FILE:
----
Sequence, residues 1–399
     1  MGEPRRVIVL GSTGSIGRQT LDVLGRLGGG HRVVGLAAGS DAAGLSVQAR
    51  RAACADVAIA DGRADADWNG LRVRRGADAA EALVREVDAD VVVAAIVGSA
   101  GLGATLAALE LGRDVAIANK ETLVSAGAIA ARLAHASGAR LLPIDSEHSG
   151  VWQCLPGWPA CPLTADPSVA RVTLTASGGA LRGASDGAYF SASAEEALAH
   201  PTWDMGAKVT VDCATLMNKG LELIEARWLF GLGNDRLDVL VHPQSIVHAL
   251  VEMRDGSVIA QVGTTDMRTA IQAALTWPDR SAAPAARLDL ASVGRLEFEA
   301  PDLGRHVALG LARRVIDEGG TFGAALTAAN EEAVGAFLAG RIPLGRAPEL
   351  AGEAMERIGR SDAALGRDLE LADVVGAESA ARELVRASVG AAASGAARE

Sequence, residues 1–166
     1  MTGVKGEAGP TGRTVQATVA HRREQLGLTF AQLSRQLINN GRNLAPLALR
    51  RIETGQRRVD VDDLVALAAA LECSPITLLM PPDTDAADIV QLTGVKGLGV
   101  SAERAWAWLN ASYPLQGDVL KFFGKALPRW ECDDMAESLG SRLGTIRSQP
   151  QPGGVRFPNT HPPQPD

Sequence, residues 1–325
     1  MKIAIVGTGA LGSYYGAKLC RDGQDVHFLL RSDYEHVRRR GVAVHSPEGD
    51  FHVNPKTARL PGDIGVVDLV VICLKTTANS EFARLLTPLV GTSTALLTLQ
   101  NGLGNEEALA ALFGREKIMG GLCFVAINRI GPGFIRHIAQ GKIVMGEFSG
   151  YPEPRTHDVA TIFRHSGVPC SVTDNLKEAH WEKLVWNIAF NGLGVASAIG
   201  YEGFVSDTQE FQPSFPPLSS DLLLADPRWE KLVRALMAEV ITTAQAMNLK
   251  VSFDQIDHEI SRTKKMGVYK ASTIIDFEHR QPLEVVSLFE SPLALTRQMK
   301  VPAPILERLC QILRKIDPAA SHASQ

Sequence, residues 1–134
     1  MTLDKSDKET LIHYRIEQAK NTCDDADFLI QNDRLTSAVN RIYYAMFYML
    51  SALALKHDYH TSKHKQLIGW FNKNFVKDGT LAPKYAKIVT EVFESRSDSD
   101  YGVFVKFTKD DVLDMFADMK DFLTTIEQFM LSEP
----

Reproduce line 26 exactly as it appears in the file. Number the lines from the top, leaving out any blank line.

   101  YGVFVKFTKD DVLDMFADMK DFLTTIEQFM LSEP